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Swimmers invade ramp

Last week, 12 of the country’s top swimmers made waves not in the pool but on the ramp as models of Speedo’s latest collection in swimwear, apparel and equipment at a glitzy evening show in front of the popular brand’s store on Bonifacio High Street.

Speedo Philippines vice president Manish Mahtani was all smiles during the lavish event which introduced dazzling designs in the competitive, fitness, health and well-being and beach sports collections.

Professional models gave the big crowd a glimpse of the latest lines but the swimmers clearly stole the show in the climax of the 45-mintue program. As the swimmers went up and down the ramp, their impressive competition credentials were flashed on two huge screens at the sides, drawing loud cheers from the audience. The models weren’t just for show – they were real-life swimmers attesting to Speedo’s credibility.

Among the spectators were Philippine Amateur Swimming Association president Mark Joseph, Philippine Triathlon Association president Tom Carrasco, 1978 Asian Games swimming gold medalist Ral Rosario, swimming coach Anthony Lozada, broadcaster Anthony Suntay, celebrity Tessa Prieto Valdes and nine-year-old wunderkind Justin Daniel Junio (the youngest swimmer ever to cross the Mactan Channel in 3:46 at the age of six in 2007) with his parents Col. Jose Junio and Beng Pinlac.

Topping the cast of 12 were five national swimmers – Kendrick Uy, Jose Joaquin Gonzales, Jessie King Lacuna, Banjo Borja and Jasmine Alkhadi. They were joined by varsity swimmers Johansen Aguilar of La Salle, Evan Uy of Ateneo, Jasmine Ong of Ateneo, Anna Gonzales of Trace College, Sabrina Ilustre of the University of the East, Christine Tan of La Salle and Claire Adorna of the University of the Philippines.

Kendrick, 22, is the 50-meter freestyle record holder in the UAAP and the ASEAN University Games. Gonzales, 17, was named MVP in last year’s national short course championships. Lacuna, 17, is the Philippines’ record holder in the 200-meter freestyle and 4x200 meter freestyle relay. The Trace College standout was a finalist at the Youth Olympics and Asian Games last year. Borja, 18, is the 200-meter individual medley record holder in the Southeast Asian age-group championships. Alkhadi, 17, holds the Philippine records in 100-meter butterfly, 4x100 meter freestyle relay and 4x200 meter freestyle relay for women.

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Kendrick’s parents Wilson and Kathy and sister Kimberly, also a competitive swimmer, were in the audience to provide support. Kendrick was recently inked to a renewal of his endorsement contract by Speedo.

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No doubt, Speedo Philippines has progressed exponentially since its first store opened in the country in Gaisano Mactan, Cebu, in 1994. Today, Speedo operates 17 stand-alone stores nationwide, including the Glorietta 4 outlet that was inaugurated in 1999. The 18th Speedo store is scheduled to open at the Abreeza Mall in Davao this May. Among the Speedo concept store locations are the Alabang Town Center, Ayala Center Cebu, Bonifacio High Street, Chimes Davao, Marquee Mall in Angeles City, Paseo de Sta. Rosa, Robinsons Place Bacolod, SM City Cebu, SM Mall of Asia and Trinoma.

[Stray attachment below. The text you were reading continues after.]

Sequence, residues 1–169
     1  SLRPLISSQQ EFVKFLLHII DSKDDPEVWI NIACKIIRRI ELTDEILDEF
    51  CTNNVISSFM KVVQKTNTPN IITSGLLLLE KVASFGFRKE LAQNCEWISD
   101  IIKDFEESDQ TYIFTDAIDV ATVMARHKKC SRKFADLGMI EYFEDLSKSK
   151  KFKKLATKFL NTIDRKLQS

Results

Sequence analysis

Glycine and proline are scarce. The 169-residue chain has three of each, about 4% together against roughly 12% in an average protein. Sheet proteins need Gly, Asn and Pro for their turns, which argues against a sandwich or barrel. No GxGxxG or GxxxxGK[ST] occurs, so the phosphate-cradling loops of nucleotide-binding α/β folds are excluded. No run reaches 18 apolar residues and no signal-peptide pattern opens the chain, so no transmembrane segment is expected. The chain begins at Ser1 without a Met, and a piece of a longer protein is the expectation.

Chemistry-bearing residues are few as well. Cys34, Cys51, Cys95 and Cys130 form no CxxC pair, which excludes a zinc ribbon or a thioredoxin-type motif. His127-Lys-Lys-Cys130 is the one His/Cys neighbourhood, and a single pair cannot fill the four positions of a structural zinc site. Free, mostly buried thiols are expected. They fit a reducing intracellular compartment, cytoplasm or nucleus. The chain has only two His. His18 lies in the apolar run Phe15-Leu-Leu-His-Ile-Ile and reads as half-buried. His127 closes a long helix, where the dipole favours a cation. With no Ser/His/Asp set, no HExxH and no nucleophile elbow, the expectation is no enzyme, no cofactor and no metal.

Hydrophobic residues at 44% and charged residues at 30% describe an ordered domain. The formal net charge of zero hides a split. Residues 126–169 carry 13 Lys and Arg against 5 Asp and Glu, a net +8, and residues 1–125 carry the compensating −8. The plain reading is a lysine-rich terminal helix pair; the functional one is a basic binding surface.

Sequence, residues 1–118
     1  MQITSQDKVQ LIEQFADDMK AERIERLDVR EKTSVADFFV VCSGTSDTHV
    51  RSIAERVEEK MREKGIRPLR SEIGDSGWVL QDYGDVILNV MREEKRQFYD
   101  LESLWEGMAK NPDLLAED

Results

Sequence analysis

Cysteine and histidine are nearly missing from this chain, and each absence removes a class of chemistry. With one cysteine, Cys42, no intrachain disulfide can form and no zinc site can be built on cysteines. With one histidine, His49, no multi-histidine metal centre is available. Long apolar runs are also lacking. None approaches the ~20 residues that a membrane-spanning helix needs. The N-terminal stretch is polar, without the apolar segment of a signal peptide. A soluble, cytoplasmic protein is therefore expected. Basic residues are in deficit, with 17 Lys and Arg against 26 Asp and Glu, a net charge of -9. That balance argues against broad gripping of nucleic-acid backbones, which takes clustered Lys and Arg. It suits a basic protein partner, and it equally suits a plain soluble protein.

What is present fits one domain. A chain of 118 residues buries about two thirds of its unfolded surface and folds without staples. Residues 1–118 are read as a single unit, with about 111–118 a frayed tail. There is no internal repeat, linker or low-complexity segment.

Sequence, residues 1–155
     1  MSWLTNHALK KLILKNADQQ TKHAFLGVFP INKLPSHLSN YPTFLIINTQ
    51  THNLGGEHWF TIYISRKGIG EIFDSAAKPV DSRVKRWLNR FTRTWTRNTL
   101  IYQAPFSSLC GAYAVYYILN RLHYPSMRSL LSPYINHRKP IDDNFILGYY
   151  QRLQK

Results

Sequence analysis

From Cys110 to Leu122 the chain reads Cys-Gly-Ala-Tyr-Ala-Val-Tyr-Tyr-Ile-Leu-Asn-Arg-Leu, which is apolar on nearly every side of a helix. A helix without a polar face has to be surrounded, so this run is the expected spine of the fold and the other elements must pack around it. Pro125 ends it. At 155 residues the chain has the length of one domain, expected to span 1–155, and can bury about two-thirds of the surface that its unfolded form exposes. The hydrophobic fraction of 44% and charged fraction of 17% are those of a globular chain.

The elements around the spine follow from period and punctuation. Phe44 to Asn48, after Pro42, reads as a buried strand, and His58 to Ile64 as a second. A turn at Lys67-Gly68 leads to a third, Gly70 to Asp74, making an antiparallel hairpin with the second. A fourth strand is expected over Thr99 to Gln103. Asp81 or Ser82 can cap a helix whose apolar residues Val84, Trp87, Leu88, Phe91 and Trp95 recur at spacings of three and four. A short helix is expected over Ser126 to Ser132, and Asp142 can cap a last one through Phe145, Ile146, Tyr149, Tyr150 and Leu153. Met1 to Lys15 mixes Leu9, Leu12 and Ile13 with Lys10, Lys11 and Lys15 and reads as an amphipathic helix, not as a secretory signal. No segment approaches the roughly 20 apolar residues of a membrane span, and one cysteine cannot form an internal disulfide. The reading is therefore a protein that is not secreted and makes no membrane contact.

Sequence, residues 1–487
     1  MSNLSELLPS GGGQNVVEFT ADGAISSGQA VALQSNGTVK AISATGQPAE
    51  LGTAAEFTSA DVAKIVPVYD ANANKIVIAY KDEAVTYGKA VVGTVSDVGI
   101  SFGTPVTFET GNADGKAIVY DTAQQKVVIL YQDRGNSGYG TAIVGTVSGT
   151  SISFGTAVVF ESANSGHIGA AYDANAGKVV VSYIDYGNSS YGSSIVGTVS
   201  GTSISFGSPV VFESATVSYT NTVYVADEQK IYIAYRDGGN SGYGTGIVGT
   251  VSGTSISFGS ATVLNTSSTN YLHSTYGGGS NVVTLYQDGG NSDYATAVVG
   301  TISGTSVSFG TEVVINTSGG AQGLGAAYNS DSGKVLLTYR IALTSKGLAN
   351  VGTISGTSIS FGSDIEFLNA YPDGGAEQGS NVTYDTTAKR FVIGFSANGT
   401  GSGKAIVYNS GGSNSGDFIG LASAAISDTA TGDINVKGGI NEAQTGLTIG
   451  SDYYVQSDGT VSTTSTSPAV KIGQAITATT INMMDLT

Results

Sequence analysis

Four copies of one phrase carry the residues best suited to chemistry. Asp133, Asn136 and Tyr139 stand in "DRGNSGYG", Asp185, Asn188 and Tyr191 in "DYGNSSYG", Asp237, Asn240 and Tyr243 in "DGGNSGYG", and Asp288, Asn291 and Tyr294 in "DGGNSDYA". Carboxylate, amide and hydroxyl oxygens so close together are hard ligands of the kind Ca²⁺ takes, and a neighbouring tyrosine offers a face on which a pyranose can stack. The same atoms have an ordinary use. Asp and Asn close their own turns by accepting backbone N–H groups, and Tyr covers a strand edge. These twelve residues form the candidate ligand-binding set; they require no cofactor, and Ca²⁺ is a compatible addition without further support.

A popular Speedo store is the outlet at the Paseo de Sta. Rosa strip mall. It’s a favorite of bargain hunters who can’t resist the knocked-down prices of Speedo’s swimwear, accessories and sportswear. 

Speedo Philippines’ growth has so impressed the principals in the London headquarters that the Mahtani family was given the rights to distribute Speedo products in Malaysia through sister company Ikonic Concepts.

Speedo’s history dates back to 1914 when Alexander McRae formed the founding company in Australia. McRae, a Scottish migrant, worked as a milkman before venturing into producing underwear and socks for the Australian army. It was in 1927 when McRae developed a swimming line.

In 1990, the British sportswear company Pentland Group acquired Speedo and welcomed the brand to its head office in London. Pentland used to own Reebok. Pentland’s innovative thinkers then developed a line of products that took off from Speedo’s reputation as a leading swimwear brand. Eventually, Speedo goggles, backpacks, T-shirts, shorts, slippers, aquashoes, underwater MP3 players, wakeboards, skateboards, surfboards, underwater cameras and wrist watches were brought out to the market.a

The latest Speedo collection combines two distinct applications – discovering the future and rediscovering the past. Mahtani said the theme of “discovery” is appropriate as Speedo boasts of over 80 years of heritage and the experience of embracing technology and innovation.

At the moment, Speedo equips 14 national swimming teams, including the US, United Kingdom, Spain, Hong Kong, Canada, Brazil, Japan and Australia. It has a stable of 21 international endorsers including Michael Phelps, Fil-Am Natalie Coughlin, South Korea’s Tae Hwan Park and Italy’s Filippo Magnini.

For the 14th FINA World Championships in Shanghai this July, Speedo will roll out its competitive “team” collection highlighted by a special seasonal edition of the LZR Racer Comp suit with a commemorative print. The suit features a new water-repellent, quick-drying endurance fabric which was developed in Speedo’s fabled “aqualab.” The suit is available in the male Jammer and female kneeskin and silhouette variants.

Speedo’s reputation as the undisputed leader in competitive swimming is unassailable. At the 2000 Sydney Olympics, 13 of 15 new records were posted by swimmers in Speedo suits. At the 2004 Olympics, Phelps hauled in eight medals and in 2008, collected eight gold medals. Everyone knew Phelps couldn’t have done it without Speedo.

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